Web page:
- Analytical methods
- Gas chromatography
- Liquid chromatography
- Infrared spectroscopy
- Other spectroscopy
- Other methods
- Inductively coupled plasma
- Mass spectrometry
- Nuclear magnetic resonance
- Supercritical fluid
X-Ray fluorescence (XRF) is a rapid, relatively non‐destructive chemical or elemental analysis of rocks, minerals, sediments, fluids, and soils. Its purpose is to identify the elemental abundances of the sample. It is used in a wide range of applications, including mining (e.g. measuring the grade of gold ore), metallurgy (e.g. quality control), soil surveys, cement production, ceramic & glass manufacturing, petroleum industry (e.g., sulphur content of crude oils and petroleum products), field analysis in geological and environmental studies, and research in igneous, sedimentary, and metamorphic petrology etc.
The sample is zapped by high-energy, short wavelength X-Rays or Gamma Rays. This radiation excites the sample and dislodges the electrons in inner orbital causing ionization of the sample. With space in the lower orbitals open, electrons in higher orbitals fall into the lower ones. This releases a secondary radiation, the fluorescense, from the sample.
Energy is released during this process because the binding energy of a low orbital is less than that of a higher orbital. The energy released is roughly equal to the difference in the binding energies of the two orbitals involved. Both the energy and the wavelengths of the secondary radiation are much less than the original X‐Ray. Characteristic of the secondary radiation such as energy and wavelength are specific to element whose atom they were released from. These can be detected and converted into computer generated data. The XRF machines output, coupled with a quantitative analysis, will report what percent of each element is within the sample.
A typical XRF spectrometer has X-ray source, sample chamber, analysing crystal, detector and signal processing computer etc. Because the secondary radiation produces such weak photons, the tubes that involve radiation transport must be kept in a vacuum. After the secondary radiation occurs, the fluorescence is channelled into a solid state detector, like a crystal, that is able to produce a steady beam of photons for further detection. Specific wavelengths will come off the crystal at specific angles, which allows for isolated detection. This technique is called wavelength dispersive spectroscopy.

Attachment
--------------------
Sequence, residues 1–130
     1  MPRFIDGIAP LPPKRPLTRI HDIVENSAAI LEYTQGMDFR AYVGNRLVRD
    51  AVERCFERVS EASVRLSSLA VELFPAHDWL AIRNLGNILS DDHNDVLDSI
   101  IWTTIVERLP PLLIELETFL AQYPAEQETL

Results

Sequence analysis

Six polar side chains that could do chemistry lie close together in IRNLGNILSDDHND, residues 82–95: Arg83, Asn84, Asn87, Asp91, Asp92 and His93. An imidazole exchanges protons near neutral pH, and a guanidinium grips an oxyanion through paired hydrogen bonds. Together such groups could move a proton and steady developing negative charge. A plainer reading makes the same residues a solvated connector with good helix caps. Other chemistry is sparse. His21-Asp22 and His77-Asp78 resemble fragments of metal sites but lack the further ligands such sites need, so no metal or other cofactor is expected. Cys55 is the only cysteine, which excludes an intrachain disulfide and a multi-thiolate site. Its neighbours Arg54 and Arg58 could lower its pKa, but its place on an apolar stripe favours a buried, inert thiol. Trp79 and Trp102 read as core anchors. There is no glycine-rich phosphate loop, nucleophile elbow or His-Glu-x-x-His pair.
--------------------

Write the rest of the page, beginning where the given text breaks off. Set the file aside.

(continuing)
Detectors used for wavelength dispersive spectrometry need to have high pulse processing speeds in order to cope with the very high photon count rates that can be obtained. Furthermore, they need sufficient energy resolution to allow filtering-out of background noise and spurious photons from the primary beam or from crystal fluorescence. Detectors contain their own, specific atoms. The secondary radiation will ionize these atoms contained in the detectors producing a charge. The charge is proportional to the incoming photons energy. Next the charge is collected and the process starts over for the next photon.
Two very common types of detectors are used to measure the intensity of the secondary radiation. They are gas flow proportional detector and scintillation detector. Gas flow proportional detectors are normally used to detect longer wavelength. They are filled with gas, typically a gas mixture of 90% argon & 10% methane (called as “P 10”). The argon is ionised by incoming X-ray photons, and the electric field multiplies this charge into a measurable pulse. The methane is to suppress the formation of fluorescent photons caused by recombination of the argon ions with stray electrons. When very long wavelengths (over 5 nm) are to be detected, the argon may be replaced with neon or helium. Scintillation detectors analyze shorter wavelengths (K spectra from Niob (41) – Iod (53) and L spectra from Thorium (90) – Uran (92)). An embedded crystal produces scintillations that are proportional to the energy of the photon absorbed. This pulse is translated into a voltage proportional to the original photon.
The purity of the P 10 is very important for the accurate analysis results and the lifetime of the instrument. The contaminations in the gas can cause peak tailing of the fluorescence spectrum, thus reduced instrument sensitivity and unstable results. HiQ 10% methane, balance argon promises a good gas purity and BASELINE C 106 regulator is recommended to maintain the gas integrity.